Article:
Committee on Climate Change Misleads Parliament and Public

The Committee on Climate Change has released a new brochure, Reducing UK emissions, described as a “2018 Progress Report to Parliament”.

It’s a long document – 267 pages – but it has four messages to the Government at the front, one of which is this graphic:

Yes, they really are claiming that adding more wind turbines is simple, low cost, and an alternative to gas. The graphic says “see p68”, and if you look ahead to page 68 you will see that this is not confirmed at all. The figure shown there gives an estimate for wind costs in the mid 2020s, and even that estimate is not, as claimed, 25% cheaper than gas, until an additional “carbon cost” (not explained anywhere in the document) is slapped on top of the gas.

But of course the main reason why this is a thoroughly dishonest claim by Lord Deben and his team is that comparing wind and gas capacity is a misleading, false comparison. Wind power is highly intermittent, requiring backup from other sources to provide power when the wind isn’t blowing. Everyone knows this, but the charlatans who wrote this report have swept it under the carpet. Throughout the entire report, there is virtually no mention of this crucial point.

Here, courtesy of Gridwatch, is an illustration of how effective wind power has been over the last week. You may not be able to make out the line for wind power. It’s the blue one, that frequently disappears from view as it merges with the zero line:

We have, apparently, about 19 GW of wind power capacity, but the actual output recently has been around 1 – 2 GW. So building new wind and solar power is not simple and low-cost, as they claim. The choice is not, as falsely implied by the CCC, between building wind or gas, it is between building wind + gas or gas.  The statement at the bottom of their picture, that failing to pursue these options increases energy bills, is straight out of the Ministry of Truth: it is precisely because we have been following these options that our electricity costs have been rising.

 

39 thoughts on “Committee on Climate Change Misleads Parliament and Public

  1. How annoying, tgat the very people entrusted with advancing energy policy rely on deceiving those trustthem.
    When will someone with “high profile” have the guts and bravery to confront the deception that the “climate concerned” are carrying out?
    The dam is ready to break against the contrived reality of the “climate consensus”.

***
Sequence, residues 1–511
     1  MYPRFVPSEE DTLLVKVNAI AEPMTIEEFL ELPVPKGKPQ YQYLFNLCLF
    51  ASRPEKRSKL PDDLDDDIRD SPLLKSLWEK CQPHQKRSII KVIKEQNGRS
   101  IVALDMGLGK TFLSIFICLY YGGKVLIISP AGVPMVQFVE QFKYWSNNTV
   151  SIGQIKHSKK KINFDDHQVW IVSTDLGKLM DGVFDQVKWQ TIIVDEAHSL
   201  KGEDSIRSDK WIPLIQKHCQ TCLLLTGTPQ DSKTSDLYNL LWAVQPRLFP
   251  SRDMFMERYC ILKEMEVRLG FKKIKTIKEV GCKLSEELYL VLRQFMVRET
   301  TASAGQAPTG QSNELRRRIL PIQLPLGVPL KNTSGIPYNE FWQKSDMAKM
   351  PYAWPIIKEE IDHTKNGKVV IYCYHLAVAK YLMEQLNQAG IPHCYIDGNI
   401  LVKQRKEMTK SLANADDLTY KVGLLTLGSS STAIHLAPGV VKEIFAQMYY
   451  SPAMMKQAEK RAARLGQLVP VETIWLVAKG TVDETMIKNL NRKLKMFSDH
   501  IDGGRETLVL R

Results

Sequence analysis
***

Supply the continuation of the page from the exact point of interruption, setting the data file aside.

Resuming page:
The first member of the mainstream to do this will go far.

    Like

  2. This is a report to parliament. There may be one or two parliamentarians (for instance Graham Stringer, Labour MP for England’s poorest constituency, and Viscount Ridley, coal mine rentier and noted science writer) who might consider telling fibs to parliament a serious matter.

    The authors, apart from Lord “dirty” Deben (see
    https://geoffchambers.wordpress.com/2013/03/08/dirty-deben-does-drugs-and-potty-talk/ ) are:

    Baroness Brown of Cambridge and the Royal Society, an engineer, currently serving as non- executive director of the Offshore Renewable Energy Catapult;

    Nick Chater, Professor of Behavioural Science at Warwick Business School, with a particular interest in the cognitive and social foundations of rationality;

    Dr Rebecca Heaton, Head of Sustainability and Policy at Drax Group, responsible for the sustainability of the global forest supply chains used to produce biomass for its power station; [and therefore the brains behind the destruction of the forests of the east coast of the USA in order to provide 10% of Britain’s electricity;]

    Paul Johnson, Director of the Institute for Fiscal Studies, a visiting professor at University College London and an expert in the design of tax systems.

    These people have their reputations to think of. The discovery of inaccuracies in this report would reflect badly on them. We expect our regular readers to be especially vigilant in their criticisms; otherwise Cliscep will be instituting a new régime (the Venezualan option.) All regular readers will be assigned a number of pages of the report to analyse, on pain of banishment. On your marks…

    Like

  3. Britain’s justification for the Climate Change Act 2008 was it would lead the world on Climate Change. Given that Britain has not the power to compel others to follow, it needs to lead by example. Producing such blatant climate propoganda is not going to persuade anyone.
    Just to be clear about the costs of renewables. A direct comparison of costs per unit of electricity of wind to gas is not a true one. It is the cost of renewables + the backup against the cost of gas. If the backup is gas, then the unit costs of gas will be higher than gas alone. That is becuase the presence of wind power will reduce the capacity utilization of the gas-fired power station. The fixed costs are the same, so are apportioned over less output. Add nuclear power to provide baseload, and the capacity is squeezed even more.
    Also, the grid costs are much higher for wind power. Wind turbines are in dispersed and remote locations, whereas a gas-fired power station can be built near the centres of population.

    Like